Anytime juveniles are accused of serious crimes, Lori Olender, deputy chief of the juvenile division of the county prosecutor's office, hears the public’s cries to charge the defendants as adults.
The murder case before the Lucas County Juvenile Court Thursday was no different.
Pedro Salinas, 13; Sean Carter, 14; Demetrius Wimberly, 14; and William Parker, 15, appeared accused of murder and vehicular vandalism. Police say the four boys on Dec. 19 threw a sandbag from the Indiana Avenue bridge over I-75 that struck Marquise Byrd, 22, a passenger in a vehicle below.
Demetrius Wimberly, 14, center, is comforted as he is arraigned on the charge of murder Wednesday, December 27, 2017, at Lucas County Juvenile Court in downtown Toledo. Wimberly is one of four boys charged in the death of Marquise Byrd, 22.
Mr. Byrd died three days later, prompting the murder charge in juvenile court, where the case will stay, Ms. Olender said.
Ohio law does not let prosecutors decide whether or not to charge youths in an adult court. Instead, a prosecutor can file a motion asking a judge to make that call, based on several factors that strictly limit who can be moved out of the juvenile system.
That motion has to show, with clear and convincing evidence, that the defendants are not amenable to justice in the juvenile system, Ms. Olender said. To start, Ohio law does not allow anyone younger than 14 to be moved into the adult courts, guaranteeing that the Salinas youth will be adjudicated within the juvenile system.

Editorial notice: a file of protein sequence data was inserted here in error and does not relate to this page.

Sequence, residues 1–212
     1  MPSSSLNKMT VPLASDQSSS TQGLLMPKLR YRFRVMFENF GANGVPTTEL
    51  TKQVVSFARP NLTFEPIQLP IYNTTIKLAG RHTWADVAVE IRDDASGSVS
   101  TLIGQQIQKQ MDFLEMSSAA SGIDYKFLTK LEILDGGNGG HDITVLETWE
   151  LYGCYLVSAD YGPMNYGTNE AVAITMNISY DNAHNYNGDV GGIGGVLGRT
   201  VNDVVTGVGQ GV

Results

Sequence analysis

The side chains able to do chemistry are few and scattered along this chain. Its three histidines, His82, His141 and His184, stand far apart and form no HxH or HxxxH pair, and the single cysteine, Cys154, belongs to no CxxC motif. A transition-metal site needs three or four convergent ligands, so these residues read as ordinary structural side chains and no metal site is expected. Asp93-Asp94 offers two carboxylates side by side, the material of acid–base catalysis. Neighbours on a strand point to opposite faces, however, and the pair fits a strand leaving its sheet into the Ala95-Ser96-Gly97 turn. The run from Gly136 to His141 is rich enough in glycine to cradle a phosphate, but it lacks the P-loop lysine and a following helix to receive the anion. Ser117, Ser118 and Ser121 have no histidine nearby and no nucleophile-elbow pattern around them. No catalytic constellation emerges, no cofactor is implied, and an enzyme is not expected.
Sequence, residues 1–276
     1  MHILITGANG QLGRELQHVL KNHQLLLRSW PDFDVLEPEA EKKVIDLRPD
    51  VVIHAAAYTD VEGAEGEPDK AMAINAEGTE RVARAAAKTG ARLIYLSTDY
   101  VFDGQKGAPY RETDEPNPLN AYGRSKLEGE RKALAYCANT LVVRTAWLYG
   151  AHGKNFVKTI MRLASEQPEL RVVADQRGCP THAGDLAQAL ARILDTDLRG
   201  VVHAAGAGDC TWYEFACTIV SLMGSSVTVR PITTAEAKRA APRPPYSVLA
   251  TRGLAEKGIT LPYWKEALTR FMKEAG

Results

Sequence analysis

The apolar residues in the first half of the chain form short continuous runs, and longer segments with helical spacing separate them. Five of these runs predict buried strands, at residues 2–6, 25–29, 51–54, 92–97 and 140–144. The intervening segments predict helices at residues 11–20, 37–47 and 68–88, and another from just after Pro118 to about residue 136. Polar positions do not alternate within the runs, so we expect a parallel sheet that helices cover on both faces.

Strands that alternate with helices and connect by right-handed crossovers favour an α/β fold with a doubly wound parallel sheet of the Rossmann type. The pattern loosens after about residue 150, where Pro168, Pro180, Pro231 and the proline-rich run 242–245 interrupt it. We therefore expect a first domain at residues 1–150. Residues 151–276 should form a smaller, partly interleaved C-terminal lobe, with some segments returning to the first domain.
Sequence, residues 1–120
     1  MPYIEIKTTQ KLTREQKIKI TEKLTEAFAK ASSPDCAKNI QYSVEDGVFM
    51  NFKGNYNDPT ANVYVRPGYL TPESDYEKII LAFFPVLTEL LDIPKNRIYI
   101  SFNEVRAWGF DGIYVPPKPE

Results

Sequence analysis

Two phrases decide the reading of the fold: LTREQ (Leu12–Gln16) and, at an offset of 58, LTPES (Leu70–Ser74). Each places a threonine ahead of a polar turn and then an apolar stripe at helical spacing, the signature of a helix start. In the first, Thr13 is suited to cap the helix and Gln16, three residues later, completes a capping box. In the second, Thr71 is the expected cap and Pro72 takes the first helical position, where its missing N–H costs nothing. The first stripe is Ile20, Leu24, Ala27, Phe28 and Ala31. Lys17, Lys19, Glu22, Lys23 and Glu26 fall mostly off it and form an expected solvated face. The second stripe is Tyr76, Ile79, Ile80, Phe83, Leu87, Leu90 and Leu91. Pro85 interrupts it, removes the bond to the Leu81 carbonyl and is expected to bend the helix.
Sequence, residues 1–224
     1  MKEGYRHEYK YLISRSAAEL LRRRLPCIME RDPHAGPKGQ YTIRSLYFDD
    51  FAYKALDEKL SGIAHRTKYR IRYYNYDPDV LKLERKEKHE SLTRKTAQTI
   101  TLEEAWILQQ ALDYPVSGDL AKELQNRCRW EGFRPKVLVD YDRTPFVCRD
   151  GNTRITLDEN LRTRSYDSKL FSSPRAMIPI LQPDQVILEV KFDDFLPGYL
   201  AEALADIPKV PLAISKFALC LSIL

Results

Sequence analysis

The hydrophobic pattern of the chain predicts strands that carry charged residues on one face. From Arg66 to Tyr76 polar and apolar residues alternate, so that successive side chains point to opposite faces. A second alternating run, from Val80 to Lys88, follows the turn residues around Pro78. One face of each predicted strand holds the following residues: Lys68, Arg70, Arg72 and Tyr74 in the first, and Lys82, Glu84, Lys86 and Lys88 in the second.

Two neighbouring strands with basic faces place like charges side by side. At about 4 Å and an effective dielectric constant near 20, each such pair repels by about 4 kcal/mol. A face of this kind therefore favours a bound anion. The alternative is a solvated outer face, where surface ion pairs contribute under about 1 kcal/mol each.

“There is absolutely no vehicle for it,” Ms. Olender said.
Since the remaining teens are all younger than 16, the court would then weigh a laundry list of factors, including the sort of harm done by the action, past findings in juvenile court, whether a firearm was used in the crime or if it was connected to gang activity, and if the child is considered mature enough to be transferred into a criminal proceeding.
Looking at that list, Ms. Olender said she believes there is no way to transfer the case.
“I can’t even ethically file that motion,” she said.
While remaining in juvenile court, the case will generally proceed in the same manner as an adult criminal case.
One exception is that no jury will be involved. Another difference is that the court is trying to determine whether or not a child is delinquent, rather than guilty.
The difference is not just a matter of terminology. No defendants are convicted in juvenile court, so no youths leave with a criminal record.
“It keeps kids from being criminals per se,” Ms. Olender said.
“In the juvenile system, you’re really trying to rehabilitate,” said Dennis Parish, a University of Toledo Law School professor and former Lucas County Juvenile Court magistrate. “In the adult system, it’s much more about retribution.”
That is part of the reason this court tends to require an admission or denial from defendants, unlike the adult system that allows Alford pleas so cases can resolve without a defendant admitting guilt.
“It’s this court’s philosophy that rehabilitation starts with an admission,” Ms. Olender said.
Without a serious youthful offender disposition, for which Ms. Olender said these teens are not eligible for most of the same reasons they cannot be tried as adults, no sentence can reach beyond a youth’s 21st birthday.
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